Saturday, September 16, 2006

Ratzinger doesn't have to apologize to anyone

In several posts, I have been rather critical of Pope Benedict XVI (Joseph Ratzinger) and, as a Catholic, I will continue to do so where and when I think appropriate. It is in that vein that I decided to read his entire speech, not the snippets the Exempt Media has reported and which has caused a furore in the Muslim world. (Read it for yourself, here, in PDF format.)

Earlier today, Ratz said he apologized for any offence he caused. There was no need for him to do so. He was merely quoting a Byzantine Emperor in the 14th century, Manuel Paleologu II, who was critical of Mohammed -- rightly or wrongly. This didn't impress Morocco, one of the more secular Muslim majority states, who recalled its Ambassador to the Vatican for "consultations."

Let's face it, we're all guilty of using evil people and their quotes to make a point. The most famous of these is Joseph Goebbels, Hitler's propaganda minister, who said:

“If you tell a lie big enough and keep repeating it, people will eventually come to believe it. The lie can be maintained only for such time as the State can shield the people from the political, economic and/or military consequences of the lie. It thus becomes vitally important for the State to use all of its powers to repress dissent, for the truth is the mortal enemy of the lie, and thus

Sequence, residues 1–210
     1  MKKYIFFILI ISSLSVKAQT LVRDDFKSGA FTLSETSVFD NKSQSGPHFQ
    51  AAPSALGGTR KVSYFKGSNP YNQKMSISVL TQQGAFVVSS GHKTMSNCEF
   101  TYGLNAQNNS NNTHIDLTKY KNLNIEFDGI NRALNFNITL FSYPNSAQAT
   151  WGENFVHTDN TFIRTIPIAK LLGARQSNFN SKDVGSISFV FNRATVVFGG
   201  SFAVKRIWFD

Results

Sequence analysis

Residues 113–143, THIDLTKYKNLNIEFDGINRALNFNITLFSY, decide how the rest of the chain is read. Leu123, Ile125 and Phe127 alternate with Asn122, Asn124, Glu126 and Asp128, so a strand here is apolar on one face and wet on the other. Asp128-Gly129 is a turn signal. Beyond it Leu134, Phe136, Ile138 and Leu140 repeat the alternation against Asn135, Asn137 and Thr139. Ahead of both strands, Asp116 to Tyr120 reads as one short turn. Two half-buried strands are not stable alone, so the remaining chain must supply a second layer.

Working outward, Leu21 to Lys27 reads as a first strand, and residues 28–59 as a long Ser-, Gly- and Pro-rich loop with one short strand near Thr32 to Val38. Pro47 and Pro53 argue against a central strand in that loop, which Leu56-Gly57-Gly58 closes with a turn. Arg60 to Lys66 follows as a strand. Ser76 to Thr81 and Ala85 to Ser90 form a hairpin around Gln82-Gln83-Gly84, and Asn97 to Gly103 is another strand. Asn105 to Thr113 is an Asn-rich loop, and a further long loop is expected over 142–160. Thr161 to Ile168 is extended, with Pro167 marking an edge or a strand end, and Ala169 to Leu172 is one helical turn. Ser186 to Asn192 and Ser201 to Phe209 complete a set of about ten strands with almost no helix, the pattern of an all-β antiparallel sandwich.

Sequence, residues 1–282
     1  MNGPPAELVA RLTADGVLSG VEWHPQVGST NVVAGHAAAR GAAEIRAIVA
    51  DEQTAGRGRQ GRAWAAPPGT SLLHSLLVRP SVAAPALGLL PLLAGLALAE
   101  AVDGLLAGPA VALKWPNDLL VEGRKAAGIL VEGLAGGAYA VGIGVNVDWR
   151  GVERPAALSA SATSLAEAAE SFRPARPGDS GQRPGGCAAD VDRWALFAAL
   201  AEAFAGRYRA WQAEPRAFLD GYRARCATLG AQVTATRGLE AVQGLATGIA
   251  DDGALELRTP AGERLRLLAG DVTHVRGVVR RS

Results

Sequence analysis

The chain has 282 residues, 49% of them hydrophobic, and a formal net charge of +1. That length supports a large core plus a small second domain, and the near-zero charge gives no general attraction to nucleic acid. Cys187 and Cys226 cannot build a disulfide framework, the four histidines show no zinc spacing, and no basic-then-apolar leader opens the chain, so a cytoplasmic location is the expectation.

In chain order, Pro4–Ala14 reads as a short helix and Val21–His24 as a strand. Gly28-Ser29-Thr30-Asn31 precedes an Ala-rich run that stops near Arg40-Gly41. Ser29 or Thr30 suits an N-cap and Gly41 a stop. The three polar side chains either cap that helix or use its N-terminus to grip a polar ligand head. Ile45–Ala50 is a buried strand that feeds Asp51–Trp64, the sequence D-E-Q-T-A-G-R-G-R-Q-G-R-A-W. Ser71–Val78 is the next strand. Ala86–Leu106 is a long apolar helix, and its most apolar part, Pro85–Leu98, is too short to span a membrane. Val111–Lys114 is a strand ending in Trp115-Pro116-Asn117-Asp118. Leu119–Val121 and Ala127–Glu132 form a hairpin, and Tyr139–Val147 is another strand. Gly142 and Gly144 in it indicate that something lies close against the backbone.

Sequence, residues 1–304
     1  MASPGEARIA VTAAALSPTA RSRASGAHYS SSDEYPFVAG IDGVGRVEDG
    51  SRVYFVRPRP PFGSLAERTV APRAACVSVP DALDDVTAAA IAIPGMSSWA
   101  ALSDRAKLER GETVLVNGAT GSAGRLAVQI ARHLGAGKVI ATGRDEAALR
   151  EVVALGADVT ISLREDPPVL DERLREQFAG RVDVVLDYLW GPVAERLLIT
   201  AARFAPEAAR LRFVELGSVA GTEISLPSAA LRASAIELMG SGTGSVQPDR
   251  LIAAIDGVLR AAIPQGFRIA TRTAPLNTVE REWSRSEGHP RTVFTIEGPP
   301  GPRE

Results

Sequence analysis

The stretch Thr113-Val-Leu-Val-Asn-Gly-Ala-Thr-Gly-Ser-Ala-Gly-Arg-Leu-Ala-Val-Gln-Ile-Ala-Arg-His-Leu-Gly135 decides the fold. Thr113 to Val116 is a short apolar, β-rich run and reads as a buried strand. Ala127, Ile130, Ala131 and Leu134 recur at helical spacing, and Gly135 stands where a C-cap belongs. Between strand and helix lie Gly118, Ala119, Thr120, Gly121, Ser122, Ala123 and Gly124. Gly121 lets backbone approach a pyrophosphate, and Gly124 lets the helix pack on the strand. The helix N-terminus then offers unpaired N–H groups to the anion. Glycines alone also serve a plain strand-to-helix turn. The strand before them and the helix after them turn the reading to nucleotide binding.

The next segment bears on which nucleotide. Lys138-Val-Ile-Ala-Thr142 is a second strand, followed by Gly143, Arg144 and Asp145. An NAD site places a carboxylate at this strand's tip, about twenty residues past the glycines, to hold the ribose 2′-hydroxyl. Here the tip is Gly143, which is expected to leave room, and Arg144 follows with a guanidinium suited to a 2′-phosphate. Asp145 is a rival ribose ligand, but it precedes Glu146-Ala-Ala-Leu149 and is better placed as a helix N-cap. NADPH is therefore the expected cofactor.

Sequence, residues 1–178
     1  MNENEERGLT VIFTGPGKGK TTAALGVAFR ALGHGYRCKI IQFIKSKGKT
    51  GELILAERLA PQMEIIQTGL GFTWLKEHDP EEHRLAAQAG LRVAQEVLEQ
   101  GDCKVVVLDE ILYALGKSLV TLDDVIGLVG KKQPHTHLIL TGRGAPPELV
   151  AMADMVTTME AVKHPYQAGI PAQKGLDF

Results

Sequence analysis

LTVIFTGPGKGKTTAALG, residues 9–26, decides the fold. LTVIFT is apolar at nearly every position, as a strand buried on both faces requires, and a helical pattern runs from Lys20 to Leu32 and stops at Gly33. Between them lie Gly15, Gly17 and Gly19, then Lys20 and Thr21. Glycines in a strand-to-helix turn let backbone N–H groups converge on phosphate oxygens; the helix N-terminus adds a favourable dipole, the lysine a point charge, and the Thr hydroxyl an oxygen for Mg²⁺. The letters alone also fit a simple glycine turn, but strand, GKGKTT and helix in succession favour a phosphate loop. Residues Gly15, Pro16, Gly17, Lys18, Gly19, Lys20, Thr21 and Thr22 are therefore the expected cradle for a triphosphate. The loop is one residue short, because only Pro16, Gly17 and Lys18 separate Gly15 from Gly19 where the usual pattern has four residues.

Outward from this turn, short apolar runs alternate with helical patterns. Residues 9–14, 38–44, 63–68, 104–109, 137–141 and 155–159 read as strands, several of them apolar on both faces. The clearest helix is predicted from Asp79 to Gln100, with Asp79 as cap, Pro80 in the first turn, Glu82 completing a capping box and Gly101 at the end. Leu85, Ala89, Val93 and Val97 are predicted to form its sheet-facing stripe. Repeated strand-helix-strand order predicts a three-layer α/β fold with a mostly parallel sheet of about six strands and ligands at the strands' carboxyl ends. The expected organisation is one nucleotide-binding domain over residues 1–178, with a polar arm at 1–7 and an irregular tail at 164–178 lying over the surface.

by extension, the truth is the greatest enemy of the State.”

As evil as the context in it which it was used -- justifying the Holocaust -- we've used it ever since to slam people who would restrict free speech, or who criticize political leaders for lying their way into war, irresponsible tax policies and using religion to justify terrorism -- and I think that's the point the Pope was trying to make. Unfortunately, people have only heard enough to presume Benedict co-opted the words Manuel for himself. The idiots who are so successful in having done this are the same as those who manage to persuade most Muslims that Jewish people booked off work the day of 9/11. Let's not forget, there are some who believe all wars are just, based on rather convoluted interpretations of the Bible; as is taking oil from the Middle East at bargain basement prices.

The Vatican still hasn't fully apologized for the abuse of children, or for that matter the atrocities it committed during the Crusades. But Benedict doesn't have to apologize for anything, at least not in this case. In fact, I think his effort to apologize may have weakened his position. People should actually take the time to check the facts. For some broadcasters and print media, however, truth is less important than ratings -- or riling up people to commit even more terrorist acts.

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